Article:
At the frontline with the controversial Turów mine, residents of the German city of Zittau risk losing the ground under their feet. They are asking the European Commission to intervene, reports Roberta Arbinolo.

A new study found the open-cast lignite mine in Turów, Poland, is polluting the Lusatian Neisse River and causing subsidence that could damage houses across the German border in and around Zittau. Data show that the mine has already caused groundwater in the region to lower by 100 metres, with a further fall of 20 metres expected. Soil subsidence, which has dropped one metre already, is also expected to drop a further 20cm.

The study also warns that high concentrations of sulphate have been detected in the Lusatian Neisse River, and that near-surface groundwater in the region should be presumed polluted by acid mine waters.

The threat has prompted the city’s Lord Mayor to join representatives of the Czech region of Liberec, who have been denouncing water shortages at the Czech border with Turów, in calling on German and EU authorities to enforce water law and protect people’s rights. 

“I urge the technical authorities of the Free State of Saxony to re-examine the risks and, if necessary, to take legal action against the project, following the example of the Czech side,” said Thomas Zenker, Lord Mayor of Zittau.

The mine, which is owned by Polish state-owned utility PGE, and pushes up hard against Poland’s borders with Germany and the Czech Republic, has operated illegally since May 2020, when PGE obtained a six-year licence extension from the Polish government despite failing to carry out a public consultation or a proper environmental impact assessment.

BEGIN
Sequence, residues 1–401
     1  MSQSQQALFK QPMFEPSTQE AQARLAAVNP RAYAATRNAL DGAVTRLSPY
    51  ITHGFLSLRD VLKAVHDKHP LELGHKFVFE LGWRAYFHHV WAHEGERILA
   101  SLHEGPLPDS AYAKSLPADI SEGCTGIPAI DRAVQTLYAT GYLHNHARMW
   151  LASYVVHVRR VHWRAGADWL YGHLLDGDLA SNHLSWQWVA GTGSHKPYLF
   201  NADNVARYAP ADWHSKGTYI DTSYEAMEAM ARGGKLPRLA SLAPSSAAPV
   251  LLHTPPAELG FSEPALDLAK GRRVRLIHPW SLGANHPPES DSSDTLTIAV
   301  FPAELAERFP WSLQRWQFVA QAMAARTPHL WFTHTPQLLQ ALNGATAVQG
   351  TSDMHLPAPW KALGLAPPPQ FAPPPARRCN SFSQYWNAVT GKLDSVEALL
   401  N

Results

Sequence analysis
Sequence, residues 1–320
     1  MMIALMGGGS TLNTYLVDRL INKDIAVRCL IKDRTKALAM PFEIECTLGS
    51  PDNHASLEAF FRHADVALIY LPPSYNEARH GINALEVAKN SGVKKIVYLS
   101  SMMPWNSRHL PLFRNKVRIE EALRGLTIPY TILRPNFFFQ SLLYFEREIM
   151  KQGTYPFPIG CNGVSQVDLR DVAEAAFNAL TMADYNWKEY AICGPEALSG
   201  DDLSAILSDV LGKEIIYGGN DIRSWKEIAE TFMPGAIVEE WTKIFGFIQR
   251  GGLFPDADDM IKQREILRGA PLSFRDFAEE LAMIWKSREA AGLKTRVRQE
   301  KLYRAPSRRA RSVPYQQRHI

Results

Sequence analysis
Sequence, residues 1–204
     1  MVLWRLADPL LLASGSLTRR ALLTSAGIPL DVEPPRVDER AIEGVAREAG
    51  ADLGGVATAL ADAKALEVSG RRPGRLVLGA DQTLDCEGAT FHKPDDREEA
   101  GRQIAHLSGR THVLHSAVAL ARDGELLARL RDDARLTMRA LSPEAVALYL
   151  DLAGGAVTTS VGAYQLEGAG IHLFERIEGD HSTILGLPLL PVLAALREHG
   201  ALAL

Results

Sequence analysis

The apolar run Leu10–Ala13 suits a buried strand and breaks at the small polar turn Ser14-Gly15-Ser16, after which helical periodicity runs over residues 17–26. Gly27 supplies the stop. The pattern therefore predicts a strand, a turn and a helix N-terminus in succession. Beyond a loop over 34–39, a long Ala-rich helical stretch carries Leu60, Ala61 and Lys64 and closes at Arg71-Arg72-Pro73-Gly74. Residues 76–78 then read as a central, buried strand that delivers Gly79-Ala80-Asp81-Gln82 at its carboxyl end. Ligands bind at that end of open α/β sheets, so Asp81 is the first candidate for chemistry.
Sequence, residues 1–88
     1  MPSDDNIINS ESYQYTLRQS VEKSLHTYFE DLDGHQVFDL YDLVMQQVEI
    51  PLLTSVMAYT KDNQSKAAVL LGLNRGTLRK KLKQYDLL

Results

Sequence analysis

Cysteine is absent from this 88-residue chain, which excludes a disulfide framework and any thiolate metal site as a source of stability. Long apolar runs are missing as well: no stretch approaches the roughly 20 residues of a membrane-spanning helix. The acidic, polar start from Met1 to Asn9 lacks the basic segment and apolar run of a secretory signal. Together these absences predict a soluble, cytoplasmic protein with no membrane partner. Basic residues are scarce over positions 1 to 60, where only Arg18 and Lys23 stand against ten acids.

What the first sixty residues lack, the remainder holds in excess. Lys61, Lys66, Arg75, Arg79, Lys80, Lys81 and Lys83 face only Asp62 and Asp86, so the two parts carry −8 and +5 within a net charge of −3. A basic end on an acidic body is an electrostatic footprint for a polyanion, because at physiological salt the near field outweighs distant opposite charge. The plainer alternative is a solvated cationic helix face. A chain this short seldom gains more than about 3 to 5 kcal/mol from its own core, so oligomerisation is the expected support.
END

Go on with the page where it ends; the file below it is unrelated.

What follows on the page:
PGE aims to expand it and re-licence its operation until 2044, but this plan is incompatible with EU laws, namely the Water Framework Directive, the Environmental Liability Directive, the Environmental Impact Assessment Directive, and the Strategic Environmental Assessment Directive.

Earlier this month, the Czech government filed an official complaint to the European Commission to stop the Turow project, citing the mine’s consumption of 30 litres of water per second as the cause of major water shortages in the region. This a pre-step for the Czech Republic to bring the case in front of the European Court of Justice for infringement of obligations under EU treaties.

“It’s bad enough that in 2020, people have to fight to prevent coal companies from denying them access to drinking water and damaging their property,” said Zala Primc, a campaigner with the international alliance Europe Beyond Coal. “This coal mine is in blatant violation of EU laws and will inevitably have to be abandoned as coal’s economics continue to plunge. The European Commission needs to protect people’s rights.”

Back in August, activists from Poland, Germany and the Czech Republic kayaked down the river and held a cross-border human chain under the banner “Thirsty for Justice”, to protest the failure of their governments and EU institutions to uphold laws protecting them and their water from the mining and burning of coal.

Civil society groups also sent a joint statement calling on the European Commission to intervene and to start an infringement procedure against Poland. The statement was co-signed by over 150 policymakers, including Members of the European Parliament, national politicians and local authorities.

“People in three countries are paying the price for PGE’s greed,” said Riccardo Nigro, campaign coordinator on coal combustion and mines at the European Environmental Bureau. “If the Commission is serious about the European Green Deal, climate action, and the rule of law, they must start an infringement procedure against the Polish government immediately, and hold PGE accountable for its illegal water grab. This is the very least we can expect from them.”

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